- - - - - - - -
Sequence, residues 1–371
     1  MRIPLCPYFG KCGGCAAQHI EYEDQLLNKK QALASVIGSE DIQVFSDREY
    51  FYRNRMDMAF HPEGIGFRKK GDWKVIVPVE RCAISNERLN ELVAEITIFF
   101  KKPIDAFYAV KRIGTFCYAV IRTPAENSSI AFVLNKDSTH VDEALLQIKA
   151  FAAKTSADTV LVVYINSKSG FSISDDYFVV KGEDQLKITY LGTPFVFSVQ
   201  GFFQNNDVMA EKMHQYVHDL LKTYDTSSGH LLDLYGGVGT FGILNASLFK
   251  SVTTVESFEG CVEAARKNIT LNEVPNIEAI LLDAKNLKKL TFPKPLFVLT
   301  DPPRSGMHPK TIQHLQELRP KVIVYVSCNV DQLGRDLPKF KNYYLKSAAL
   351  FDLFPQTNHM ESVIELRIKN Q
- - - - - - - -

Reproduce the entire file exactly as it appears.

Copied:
Sequence, residues 1–371
     1  MRIPLCPYFG KCGGCAAQHI EYEDQLLNKK QALASVIGSE DIQVFSDREY
    51  FYRNRMDMAF HPEGIGFRKK GDWKVIVPVE RCAISNERLN ELVAEITIFF
   101  KKPIDAFYAV KRIGTFCYAV IRTPAENSSI AFVLNKDSTH VDEALLQIKA
   151  FAAKTSADTV LVVYINSKSG FSISDDYFVV KGEDQLKITY LGTPFVFSVQ
   201  GFFQNNDVMA EKMHQYVHDL LKTYDTSSGH LLDLYGGVGT FGILNASLFK
   251  SVTTVESFEG CVEAARKNIT LNEVPNIEAI LLDAKNLKKL TFPKPLFVLT
   301  DPPRSGMHPK TIQHLQELRP KVIVYVSCNV DQLGRDLPKF KNYYLKSAAL
   351  FDLFPQTNHM ESVIELRIKN Q